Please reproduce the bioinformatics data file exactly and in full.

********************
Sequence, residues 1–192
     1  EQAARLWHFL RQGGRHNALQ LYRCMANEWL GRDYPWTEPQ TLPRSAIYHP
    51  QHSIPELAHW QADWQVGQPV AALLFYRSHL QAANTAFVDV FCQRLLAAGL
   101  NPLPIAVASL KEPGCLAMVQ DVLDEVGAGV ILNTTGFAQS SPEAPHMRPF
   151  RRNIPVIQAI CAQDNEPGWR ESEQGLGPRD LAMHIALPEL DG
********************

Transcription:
Sequence, residues 1–192
     1  EQAARLWHFL RQGGRHNALQ LYRCMANEWL GRDYPWTEPQ TLPRSAIYHP
    51  QHSIPELAHW QADWQVGQPV AALLFYRSHL QAANTAFVDV FCQRLLAAGL
   101  NPLPIAVASL KEPGCLAMVQ DVLDEVGAGV ILNTTGFAQS SPEAPHMRPF
   151  RRNIPVIQAI CAQDNEPGWR ESEQGLGPRD LAMHIALPEL DG